What Treatments Are Available for Impetigo?

May 7th 2016

While impetigo is not usually considered a dangerous infection, the lesions can be quite painful, and the bacteria can spread rapidly between person to person. Additionally, complications such as scarring, cellulitis infections and kidney damage can occur if the condition is left untreated. Learning about the common symptoms and risk factors of impetigo and seeking medical attention at the first sign of infection can help to ensure immediate detection of the condition and efficient treatment.

Antibiotic Topical Creams

Topical antibiotic creams are often recommended for mild impetigo infections. The creams are applied to the skin three to four times daily for approximately seven days. It is important for caregivers to wear gloves when applying antibiotic creams to help prevent the spread of infection.

Oral Antibiotic Medications

Oral antibiotic medications are typically prescribed for severe impetigo infections. Antibiotics are typically taken two to four times daily for up to seven days or longer, depending on the extent of the infection. Side effects of oral antibiotics for impetigo include nausea and diarrhea. It is imperative that patients take the entire course of prescribed antibiotics to ensure the infection is eradicated, regardless of symptom improvement.

Eczema Treatments and Nasal Antiseptic Creams

While the majority of impetigo infections are treated with antibiotics, recurring infections often occur due to an underlying cause. If eczema is causing excessive itching and scratching that leads to recurrent impetigo infections, the underlying condition must be treated for the infection to cease. Eczema treatments often consist of topical moisturizers and antihistamines that help to promote moisture and relieve itching. If recurring impetigo infections are caused by a certain type of bacteria naturally present in the nose, nasal antiseptic creams may be prescribed to hinder any bacterial growth.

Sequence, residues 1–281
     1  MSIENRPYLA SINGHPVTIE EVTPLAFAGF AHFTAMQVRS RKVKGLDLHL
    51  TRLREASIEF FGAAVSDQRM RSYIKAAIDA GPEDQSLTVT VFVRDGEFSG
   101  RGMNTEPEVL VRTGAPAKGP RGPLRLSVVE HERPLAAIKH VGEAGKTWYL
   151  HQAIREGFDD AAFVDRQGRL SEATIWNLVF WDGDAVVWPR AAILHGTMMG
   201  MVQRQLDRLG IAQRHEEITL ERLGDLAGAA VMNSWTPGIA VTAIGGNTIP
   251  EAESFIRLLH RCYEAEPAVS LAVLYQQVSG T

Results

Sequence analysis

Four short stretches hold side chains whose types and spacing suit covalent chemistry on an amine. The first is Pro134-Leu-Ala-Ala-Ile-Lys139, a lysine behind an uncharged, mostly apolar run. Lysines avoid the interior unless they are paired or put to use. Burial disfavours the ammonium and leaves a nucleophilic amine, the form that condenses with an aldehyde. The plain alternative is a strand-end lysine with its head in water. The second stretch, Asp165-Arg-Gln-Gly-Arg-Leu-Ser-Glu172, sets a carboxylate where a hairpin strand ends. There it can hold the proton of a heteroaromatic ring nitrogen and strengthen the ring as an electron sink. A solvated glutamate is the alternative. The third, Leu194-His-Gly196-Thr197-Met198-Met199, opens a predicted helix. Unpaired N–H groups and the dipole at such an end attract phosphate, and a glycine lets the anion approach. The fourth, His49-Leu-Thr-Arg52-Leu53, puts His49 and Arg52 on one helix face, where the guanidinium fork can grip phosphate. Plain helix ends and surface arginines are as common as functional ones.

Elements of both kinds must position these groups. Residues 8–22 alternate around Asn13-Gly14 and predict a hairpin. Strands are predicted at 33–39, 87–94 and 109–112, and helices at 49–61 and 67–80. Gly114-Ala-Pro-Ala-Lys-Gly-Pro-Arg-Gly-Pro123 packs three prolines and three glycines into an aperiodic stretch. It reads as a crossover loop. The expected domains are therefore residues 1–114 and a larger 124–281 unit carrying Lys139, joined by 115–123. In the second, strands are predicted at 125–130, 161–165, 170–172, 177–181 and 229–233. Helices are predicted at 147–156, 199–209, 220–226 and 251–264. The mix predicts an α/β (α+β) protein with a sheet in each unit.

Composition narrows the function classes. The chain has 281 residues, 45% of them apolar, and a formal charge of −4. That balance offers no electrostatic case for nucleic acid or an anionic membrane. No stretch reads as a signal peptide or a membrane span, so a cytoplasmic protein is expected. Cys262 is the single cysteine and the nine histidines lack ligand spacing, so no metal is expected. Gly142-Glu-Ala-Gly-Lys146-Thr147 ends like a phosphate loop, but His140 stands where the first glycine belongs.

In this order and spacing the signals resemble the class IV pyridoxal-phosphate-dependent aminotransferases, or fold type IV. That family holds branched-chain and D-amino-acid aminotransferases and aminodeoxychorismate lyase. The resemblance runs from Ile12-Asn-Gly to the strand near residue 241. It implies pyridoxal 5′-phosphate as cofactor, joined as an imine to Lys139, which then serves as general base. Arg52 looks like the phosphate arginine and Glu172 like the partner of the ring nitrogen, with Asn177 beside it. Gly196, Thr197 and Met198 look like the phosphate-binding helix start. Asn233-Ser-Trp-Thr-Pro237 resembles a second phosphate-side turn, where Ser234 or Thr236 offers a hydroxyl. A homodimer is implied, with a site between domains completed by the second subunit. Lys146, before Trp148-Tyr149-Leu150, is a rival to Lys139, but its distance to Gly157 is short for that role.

Conclusion

Impetigo is a skin condition that is extremely contagious and most often occurs in children. The condition presents as red lesions on the face, most commonly around the lips and nose. In certain cases, impetigo can develop on the hands, arms and diaper areas. When the sores burst, they ooze a clear liquid and scab over into honey-colored, grainy crusts. Impetigo is most contagious within the first 24 to 48 hours after symptoms develop.

Impetigo infections are typically caused by streptococcus bacteria and staphylococcus bacteria. Children with superficial skin abrasions are more likely to develop impetigo, as broken skin makes it easier for the germs to multiply. Fortunately, impetigo is usually easily treatable when caught in time. Understanding the treatment options available and consulting with a pediatrician can help parents make informed decisions regarding their children's treatment and recovery.

Sources

WebMD.com "Understanding impetigo - treatment" http://www.webmd.com/a-to-z-guides/understanding-impetigo-treatment
MayoClinic.org "Impetigo" http://www.mayoclinic.org/diseases-conditions/impetigo/basics/definition/con-20024185
KidsHealth.org "Impetigo" http://kidshealth.org/parent/infections/skin/impetigo.html
WebMD.com "How is eczema diagnosed and treated?" http://www.webmd.com/skin-problems-and-treatments/eczema/understanding-eczema-treatment
NHS.UK "Treating impetigo" http://www.nhs.uk/Conditions/Impetigo/Pages/Treatment.aspx

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